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Refinement of Expertise in Adaptive Collaborative Huddles

The right knowledge at the right time, to the right providers, for the right patients.

First Meeting
18 Oct 2023 | 1200h EST

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Lost in the Sauce

This was how I felt when approaching my patient with military sexual trauma during my psychiatry residency. But I went through the training and read the literature and felt more imposter than an expert. However, one of the forcing functions to ensure I had the right footing to proceed was a weekly virtual meeting with my peers and supervisors where I could raise the case and my desire for direction. I felt less alone as they described the vast spectrum of modalities and approaches, but more than anything, I felt my supervisors and peers, with their pearls of wisdom, provided me the confidence to go from theory to practice. This is the priceless convenience of an academic environment.

However, many military providers are in austere environments where they "are it." Their sliding scales of confidence for each area of expertise will allow them to help a patient, call a lifeline, or send them out to an expert.

With the REACH, we hope to (re)create that socialized academic setting to teach, learn, and ultimately disseminate expertise to empower military providers to care for their soldiers, marines, sailors, airmen, and guardians.

Chances are, you'll also see a familiar face.


Meet one of the solutions to help military providers in the resource-limited regions of the world.

REACH is a model that leverages technology to democratize medical expertise.

We hope to deliver this knowledge, provide access, and empower providers with the expertise to help their patients through collegial consultations.

To help is to connect.


Without the deliberate learning lunch hours from residency or the grand rounds to cross-pollinate specialties, we can feel behind on the best practices.

The deliberate case-by-case raised by any participants for discussion and direction is a force multiplier to mitigate the lack of access to expertise.

Hyperspecialization divides, and we hope to combine.


The socialization of expertise and experience will endure longer than a text block.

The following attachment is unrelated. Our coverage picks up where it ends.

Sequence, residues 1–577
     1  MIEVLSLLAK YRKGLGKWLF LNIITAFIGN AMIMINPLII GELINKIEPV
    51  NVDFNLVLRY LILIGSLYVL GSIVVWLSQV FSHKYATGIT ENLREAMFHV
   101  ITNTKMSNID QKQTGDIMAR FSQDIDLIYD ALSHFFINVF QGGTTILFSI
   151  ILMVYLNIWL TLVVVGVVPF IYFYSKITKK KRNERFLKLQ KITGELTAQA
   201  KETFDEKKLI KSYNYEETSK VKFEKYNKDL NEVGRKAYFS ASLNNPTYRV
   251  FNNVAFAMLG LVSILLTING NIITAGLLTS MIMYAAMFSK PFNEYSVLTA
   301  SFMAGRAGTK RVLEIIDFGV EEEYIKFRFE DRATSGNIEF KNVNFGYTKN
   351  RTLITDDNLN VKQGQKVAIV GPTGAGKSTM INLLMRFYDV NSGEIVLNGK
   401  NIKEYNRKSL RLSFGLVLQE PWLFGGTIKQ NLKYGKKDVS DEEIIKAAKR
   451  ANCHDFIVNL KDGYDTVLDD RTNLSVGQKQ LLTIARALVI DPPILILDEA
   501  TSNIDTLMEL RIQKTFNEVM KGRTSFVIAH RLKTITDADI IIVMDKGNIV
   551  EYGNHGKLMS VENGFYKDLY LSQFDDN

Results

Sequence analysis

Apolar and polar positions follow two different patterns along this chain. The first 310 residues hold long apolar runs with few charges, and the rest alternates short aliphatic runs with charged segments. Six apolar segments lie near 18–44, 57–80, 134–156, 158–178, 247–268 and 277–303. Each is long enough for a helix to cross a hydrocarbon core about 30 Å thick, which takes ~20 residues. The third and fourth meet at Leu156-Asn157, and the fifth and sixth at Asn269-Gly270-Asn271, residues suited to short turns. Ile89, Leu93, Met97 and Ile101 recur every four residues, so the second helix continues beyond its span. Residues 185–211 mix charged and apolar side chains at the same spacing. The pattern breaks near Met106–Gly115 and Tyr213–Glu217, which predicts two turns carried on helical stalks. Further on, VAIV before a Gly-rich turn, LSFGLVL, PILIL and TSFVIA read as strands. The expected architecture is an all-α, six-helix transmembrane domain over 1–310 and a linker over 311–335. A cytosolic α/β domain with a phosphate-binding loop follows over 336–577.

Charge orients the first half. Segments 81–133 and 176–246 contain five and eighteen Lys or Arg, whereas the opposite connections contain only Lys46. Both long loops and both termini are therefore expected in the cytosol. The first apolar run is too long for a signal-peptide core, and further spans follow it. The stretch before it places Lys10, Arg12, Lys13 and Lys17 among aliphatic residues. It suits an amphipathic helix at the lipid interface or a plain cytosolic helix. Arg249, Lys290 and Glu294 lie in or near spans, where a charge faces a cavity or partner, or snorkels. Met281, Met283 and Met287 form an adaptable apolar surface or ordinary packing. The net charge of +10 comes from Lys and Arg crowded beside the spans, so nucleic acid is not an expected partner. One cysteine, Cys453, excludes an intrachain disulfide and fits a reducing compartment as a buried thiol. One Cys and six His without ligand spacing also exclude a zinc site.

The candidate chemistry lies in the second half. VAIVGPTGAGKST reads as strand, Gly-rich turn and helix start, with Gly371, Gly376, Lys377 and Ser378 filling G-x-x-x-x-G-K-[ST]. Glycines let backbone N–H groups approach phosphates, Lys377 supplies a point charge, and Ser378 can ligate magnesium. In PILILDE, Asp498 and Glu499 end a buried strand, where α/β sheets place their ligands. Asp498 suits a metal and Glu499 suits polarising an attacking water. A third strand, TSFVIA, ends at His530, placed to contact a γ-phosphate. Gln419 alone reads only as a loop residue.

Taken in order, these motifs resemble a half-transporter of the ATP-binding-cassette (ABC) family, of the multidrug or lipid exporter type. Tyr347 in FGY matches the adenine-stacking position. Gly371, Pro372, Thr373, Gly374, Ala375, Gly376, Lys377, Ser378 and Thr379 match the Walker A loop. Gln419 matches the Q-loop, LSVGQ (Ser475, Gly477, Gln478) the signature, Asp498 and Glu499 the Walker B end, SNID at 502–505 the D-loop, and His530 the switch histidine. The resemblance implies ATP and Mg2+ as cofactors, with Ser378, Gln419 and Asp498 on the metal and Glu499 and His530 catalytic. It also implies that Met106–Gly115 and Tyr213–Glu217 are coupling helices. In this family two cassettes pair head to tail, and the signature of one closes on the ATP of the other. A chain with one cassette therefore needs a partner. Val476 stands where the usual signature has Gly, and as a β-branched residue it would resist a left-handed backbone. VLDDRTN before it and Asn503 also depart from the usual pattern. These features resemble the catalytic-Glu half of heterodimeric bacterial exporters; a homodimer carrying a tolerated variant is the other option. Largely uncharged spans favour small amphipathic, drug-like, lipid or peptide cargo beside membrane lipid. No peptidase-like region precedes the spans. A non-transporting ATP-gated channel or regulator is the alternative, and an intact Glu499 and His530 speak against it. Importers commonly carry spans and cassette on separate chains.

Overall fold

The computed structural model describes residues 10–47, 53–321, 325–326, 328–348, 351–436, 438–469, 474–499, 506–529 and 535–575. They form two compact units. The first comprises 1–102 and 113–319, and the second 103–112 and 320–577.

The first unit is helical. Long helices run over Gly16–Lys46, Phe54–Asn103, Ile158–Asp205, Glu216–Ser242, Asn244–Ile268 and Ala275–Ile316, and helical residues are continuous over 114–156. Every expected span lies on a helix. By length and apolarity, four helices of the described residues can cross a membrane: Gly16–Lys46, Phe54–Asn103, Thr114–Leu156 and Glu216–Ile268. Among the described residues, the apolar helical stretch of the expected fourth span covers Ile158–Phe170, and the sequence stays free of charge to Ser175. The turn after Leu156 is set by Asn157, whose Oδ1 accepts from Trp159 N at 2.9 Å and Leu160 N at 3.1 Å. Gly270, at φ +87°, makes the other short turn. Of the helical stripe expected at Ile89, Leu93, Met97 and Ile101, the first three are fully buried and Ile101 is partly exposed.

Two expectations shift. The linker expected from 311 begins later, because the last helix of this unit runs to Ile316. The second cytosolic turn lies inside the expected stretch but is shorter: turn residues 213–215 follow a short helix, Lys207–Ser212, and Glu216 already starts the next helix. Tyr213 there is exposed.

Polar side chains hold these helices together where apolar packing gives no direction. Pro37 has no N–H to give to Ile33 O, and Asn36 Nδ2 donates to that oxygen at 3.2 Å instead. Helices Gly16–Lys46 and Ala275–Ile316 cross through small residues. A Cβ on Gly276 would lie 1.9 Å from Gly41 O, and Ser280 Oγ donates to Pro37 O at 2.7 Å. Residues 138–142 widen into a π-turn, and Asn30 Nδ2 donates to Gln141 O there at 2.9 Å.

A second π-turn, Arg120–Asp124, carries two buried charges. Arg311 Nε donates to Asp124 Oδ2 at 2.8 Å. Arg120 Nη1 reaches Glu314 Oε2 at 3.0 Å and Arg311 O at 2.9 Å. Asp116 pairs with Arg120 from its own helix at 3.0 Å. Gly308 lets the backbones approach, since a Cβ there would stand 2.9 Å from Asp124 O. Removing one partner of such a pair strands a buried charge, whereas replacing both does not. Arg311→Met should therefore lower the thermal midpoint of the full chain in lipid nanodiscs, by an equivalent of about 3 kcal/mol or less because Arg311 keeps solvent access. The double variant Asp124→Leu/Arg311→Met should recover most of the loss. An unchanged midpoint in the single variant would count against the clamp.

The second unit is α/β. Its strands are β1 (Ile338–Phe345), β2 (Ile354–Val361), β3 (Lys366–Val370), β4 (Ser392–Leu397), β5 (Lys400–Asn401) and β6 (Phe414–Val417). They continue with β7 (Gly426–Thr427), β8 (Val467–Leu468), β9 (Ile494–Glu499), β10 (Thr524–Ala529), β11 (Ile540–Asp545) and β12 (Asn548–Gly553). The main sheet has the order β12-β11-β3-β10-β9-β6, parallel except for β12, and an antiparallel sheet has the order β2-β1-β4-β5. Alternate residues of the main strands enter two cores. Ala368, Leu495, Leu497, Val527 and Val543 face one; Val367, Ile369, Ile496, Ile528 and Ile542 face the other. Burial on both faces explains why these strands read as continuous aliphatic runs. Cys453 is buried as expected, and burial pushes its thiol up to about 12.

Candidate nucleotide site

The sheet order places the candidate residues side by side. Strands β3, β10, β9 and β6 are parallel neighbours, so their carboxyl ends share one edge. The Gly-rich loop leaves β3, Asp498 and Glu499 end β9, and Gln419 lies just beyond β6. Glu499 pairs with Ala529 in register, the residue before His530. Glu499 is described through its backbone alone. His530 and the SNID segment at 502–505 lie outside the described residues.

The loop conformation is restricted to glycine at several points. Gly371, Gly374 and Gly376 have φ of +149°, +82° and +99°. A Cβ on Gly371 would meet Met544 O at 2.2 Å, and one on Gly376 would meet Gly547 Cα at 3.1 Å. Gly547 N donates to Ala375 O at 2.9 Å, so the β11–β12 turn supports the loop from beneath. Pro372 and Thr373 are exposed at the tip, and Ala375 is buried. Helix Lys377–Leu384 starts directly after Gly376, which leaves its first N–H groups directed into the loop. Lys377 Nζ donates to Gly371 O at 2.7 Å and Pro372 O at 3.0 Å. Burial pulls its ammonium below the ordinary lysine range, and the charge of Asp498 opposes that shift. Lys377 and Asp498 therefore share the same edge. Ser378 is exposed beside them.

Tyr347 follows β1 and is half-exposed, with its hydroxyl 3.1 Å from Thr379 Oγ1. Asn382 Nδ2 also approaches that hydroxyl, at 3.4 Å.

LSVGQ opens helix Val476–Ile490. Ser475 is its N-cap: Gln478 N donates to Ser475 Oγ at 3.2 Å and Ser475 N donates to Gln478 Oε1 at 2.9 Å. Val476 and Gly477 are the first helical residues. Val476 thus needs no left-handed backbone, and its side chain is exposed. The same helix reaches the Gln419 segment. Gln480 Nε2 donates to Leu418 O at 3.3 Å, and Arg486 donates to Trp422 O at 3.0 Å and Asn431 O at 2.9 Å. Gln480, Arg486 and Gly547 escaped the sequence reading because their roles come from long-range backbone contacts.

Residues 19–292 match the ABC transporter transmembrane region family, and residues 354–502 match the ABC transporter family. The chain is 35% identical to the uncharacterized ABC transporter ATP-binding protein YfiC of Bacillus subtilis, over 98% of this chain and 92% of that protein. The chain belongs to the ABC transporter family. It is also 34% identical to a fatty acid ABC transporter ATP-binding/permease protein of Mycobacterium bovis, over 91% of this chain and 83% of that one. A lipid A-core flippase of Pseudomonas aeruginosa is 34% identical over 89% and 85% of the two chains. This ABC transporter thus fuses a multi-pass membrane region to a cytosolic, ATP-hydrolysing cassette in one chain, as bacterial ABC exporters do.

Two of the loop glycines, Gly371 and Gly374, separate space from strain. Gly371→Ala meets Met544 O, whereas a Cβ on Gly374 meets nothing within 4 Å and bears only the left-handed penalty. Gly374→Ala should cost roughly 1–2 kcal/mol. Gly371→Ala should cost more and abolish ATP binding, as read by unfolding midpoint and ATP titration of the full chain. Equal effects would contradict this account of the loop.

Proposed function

The knowledge taught and received in the REACH meetings is compounded from the last. More importantly, the connection of people wanting to help people will turn treatment plans into therapeutic justified beliefs.

Bring us your cases so we can turn them into successes.

The Evidence

Read More

Find out more about the studies of how this collaborative model inspired by Project ECHO can be of benefit to our military community

Fostering Social Support and Professional Learning for Special Educators: Building a Community of Practice

Many special educators have limited professional development and networking opportunities, which could mitigate these negative experiences. Through participation in the ECHO, educators and specialists engaged in case-based learning and shared best practices for supporting students with EBD. We used a pre–post group design to examine how the ECHO model can address issues related to educator stress and emotional exhaustion while building a community of practice.

Extension for Community Healthcare Outcomes (ECHO) Telementoring in the Military: Where We Are Now, Opportunities and Challenges

The Army, Navy, and Air Force have developed medical teleECHO programs to address various health and safety issues affecting military personnel. This article describes and compares the current state of military teleECHOs as well as the growth and change over time. The military has successfully used the ECHO model to improve the health and safety of active-duty military, retirees, and dependents.

Outcomes of Treatment for Hepatitis C Virus Infection by Primary Care Providers

This study show that the ECHO model is an effective way to treat HCV infection in underserved communities. Implementation of this model would allow other states and nations to treat a greater number of patients infected with HCV than they are currently able to treat.

Supporting Parents of Children With Disabilities Using an Online, Telementoring Service Delivery Model

The purpose of this study was to examine the effectiveness of a parent education (PE) program focused on the principles of applied behavior analysis delivered using the Project ECHO service delivery model. Results demonstrate positive outcomes in parents' senses of competency and empowerment. In addition, parents identified the intervention as acceptable, suggesting this model as a highly effective and sustainable PE model for this population.


"It's amazing what you can accomplish if you do not care who gets the credit."

- Harry S. Truman

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